Guest Contribution: “Covid-induced precautionary saving in the US: the role of unemployment rate”

Today, we are pleased to present a guest contribution written by Valerio Ercolani, from the Directorate General for Economics, Statistics and Research at the Bank of Italy. The views expressed in this note represent that of the author and not necessarily reflect those of Bank of Italy.

Last months saw an unprecedented rise in the US saving rate. Most of the accumulated saving was undoubtedly generated by the social distancing and lockdown measures imposed by the government, however part of it could also have been driven by precautionary motives due to grim labor prospects. Some back-of-the-envelope calculations show that the dynamics of the unemployment rate alone can induce a large increase in (precautionary) saving for this year, which can raise the prospect of a new saving glut.

The economic effects of the Covid-19 outbreak have become manifest in official data. In the US, GDP contracted by 5% in Q1, at an annual rate, with service consumption contributing the most to the contraction. During the last three months, employment fell by roughly 19 million units with unemployment rate settling at almost 14% in May. In fact, the latter can be underestimated, for example, Hamilton (2020) shows, through some back-of-the-envelope calculations, that the actual unemployment rate could be even larger, around 20%. In April, the saving rate rose 20.3 percentage points (to 33%), the largest monthly increase since the 1960s (Figure 1). In May, it retreated to a still high 22.3%. Personal saving skyrocketed itself: it almost tripled from February, moving from roughly 1400 to 4100 billions of dollars.

Figure 1: Saving rate and unemployment rate (monthly frequency, US). Source: Bureau of Economic Analysis and Bureau of Labor Services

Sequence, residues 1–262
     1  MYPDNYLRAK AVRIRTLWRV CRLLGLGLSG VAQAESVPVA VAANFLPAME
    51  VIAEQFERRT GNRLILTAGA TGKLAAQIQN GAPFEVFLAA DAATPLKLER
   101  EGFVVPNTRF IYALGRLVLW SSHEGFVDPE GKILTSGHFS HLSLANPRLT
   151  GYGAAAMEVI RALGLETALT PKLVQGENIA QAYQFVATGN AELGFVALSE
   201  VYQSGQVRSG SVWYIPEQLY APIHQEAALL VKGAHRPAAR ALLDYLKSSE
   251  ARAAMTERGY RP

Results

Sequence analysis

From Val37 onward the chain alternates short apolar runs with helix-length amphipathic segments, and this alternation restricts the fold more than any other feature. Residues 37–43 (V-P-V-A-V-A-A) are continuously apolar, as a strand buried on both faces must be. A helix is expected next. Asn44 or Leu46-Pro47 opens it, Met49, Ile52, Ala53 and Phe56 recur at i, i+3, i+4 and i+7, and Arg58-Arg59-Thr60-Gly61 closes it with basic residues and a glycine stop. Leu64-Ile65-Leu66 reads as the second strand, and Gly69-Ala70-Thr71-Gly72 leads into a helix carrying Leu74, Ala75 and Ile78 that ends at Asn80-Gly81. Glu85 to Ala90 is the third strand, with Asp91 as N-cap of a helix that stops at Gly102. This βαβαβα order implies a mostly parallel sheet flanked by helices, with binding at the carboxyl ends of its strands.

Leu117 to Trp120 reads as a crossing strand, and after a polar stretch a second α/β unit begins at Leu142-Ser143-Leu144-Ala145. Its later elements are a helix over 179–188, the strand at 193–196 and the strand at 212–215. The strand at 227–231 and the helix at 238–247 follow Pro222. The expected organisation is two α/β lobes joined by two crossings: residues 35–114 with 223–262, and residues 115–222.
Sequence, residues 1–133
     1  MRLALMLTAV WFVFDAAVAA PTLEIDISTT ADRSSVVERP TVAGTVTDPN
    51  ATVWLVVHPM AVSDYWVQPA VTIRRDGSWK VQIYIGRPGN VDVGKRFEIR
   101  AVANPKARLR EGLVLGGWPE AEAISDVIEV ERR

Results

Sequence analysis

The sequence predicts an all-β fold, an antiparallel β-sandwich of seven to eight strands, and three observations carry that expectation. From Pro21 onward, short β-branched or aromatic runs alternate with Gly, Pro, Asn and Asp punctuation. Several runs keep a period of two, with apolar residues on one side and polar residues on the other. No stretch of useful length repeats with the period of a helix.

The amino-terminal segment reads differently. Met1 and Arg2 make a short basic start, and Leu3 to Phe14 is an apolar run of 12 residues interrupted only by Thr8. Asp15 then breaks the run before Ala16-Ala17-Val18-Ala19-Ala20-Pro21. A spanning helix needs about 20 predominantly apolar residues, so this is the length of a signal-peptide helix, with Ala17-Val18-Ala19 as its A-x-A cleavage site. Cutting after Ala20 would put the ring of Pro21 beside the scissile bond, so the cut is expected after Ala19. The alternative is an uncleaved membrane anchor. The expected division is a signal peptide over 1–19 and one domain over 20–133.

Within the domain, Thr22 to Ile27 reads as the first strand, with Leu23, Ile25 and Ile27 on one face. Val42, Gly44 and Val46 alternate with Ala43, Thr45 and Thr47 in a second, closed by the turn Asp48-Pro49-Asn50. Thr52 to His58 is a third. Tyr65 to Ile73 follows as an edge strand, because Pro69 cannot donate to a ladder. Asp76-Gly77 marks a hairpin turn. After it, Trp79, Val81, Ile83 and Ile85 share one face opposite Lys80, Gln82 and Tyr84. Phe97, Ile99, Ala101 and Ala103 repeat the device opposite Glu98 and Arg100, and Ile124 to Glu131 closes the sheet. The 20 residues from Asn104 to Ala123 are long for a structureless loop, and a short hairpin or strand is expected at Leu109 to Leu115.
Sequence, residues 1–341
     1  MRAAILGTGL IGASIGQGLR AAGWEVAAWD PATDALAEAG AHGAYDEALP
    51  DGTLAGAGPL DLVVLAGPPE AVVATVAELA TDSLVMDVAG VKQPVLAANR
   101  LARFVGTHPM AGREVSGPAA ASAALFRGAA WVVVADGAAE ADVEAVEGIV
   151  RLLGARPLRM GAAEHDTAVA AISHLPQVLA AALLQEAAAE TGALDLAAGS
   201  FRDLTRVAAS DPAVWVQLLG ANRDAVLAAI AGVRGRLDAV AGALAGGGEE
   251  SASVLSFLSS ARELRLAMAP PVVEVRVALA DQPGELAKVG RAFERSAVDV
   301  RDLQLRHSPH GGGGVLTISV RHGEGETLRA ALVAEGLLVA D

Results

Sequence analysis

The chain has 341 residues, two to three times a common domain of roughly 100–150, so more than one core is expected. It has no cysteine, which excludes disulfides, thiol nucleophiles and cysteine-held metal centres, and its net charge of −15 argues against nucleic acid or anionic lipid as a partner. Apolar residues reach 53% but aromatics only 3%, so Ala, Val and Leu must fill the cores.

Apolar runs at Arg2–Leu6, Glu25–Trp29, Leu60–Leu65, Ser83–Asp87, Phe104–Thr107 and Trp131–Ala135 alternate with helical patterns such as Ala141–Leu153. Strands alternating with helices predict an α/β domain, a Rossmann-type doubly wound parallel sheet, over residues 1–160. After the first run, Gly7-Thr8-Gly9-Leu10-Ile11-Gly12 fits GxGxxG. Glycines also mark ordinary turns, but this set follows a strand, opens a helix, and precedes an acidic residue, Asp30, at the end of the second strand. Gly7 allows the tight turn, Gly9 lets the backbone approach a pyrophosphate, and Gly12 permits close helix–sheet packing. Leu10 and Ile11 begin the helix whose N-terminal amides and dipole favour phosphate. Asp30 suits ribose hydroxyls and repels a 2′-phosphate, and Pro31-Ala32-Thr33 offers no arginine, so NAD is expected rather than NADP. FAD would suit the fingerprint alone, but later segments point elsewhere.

Most of the accumulated saving was undoubtedly generated by the social distancing and lockdown measures imposed by the government during the emergency, which significantly limited the households’ ability to spend. However, part of it could also have been driven by precautionary motives, related to both medical and economic concerns, and even after the economy fully reopens and the effect of the lockdown on the savings rate wanes, those other factors may well continue to be an important driver. On the health front, the virus may not disappear until a vaccine is developed, produced and distributed on a large-scale; indeed, recent studies show that the pandemic could last between 18 and 24 months, because the virus won’t be halted until about 60-70% of the population is immune (Barry et al., 2020). If this is the case, fear of contracting the Covid-19 may continue to drive people’s behavior even in the post-emergency phase. Hence, demand for physical-proximity services will be subdued and, in some extreme cases, may not resume completely (e.g., in tourism-related or in transport sectors). At the same time, the supply side will likely remain an issue: in order to curb the probability of new outbreaks, several US States, including Florida, Texas, New York and California, are imposing on businesses some forms of social distancing that, while looser than during the emergency, will inevitably constrain their ability to produce and deliver goods and services. All that increases the likelihood of business defaults or resizing, amplifying the risk of income losses or layoffs and hence stimulating households’ precautionary saving (see, among others, Hugget, 1993).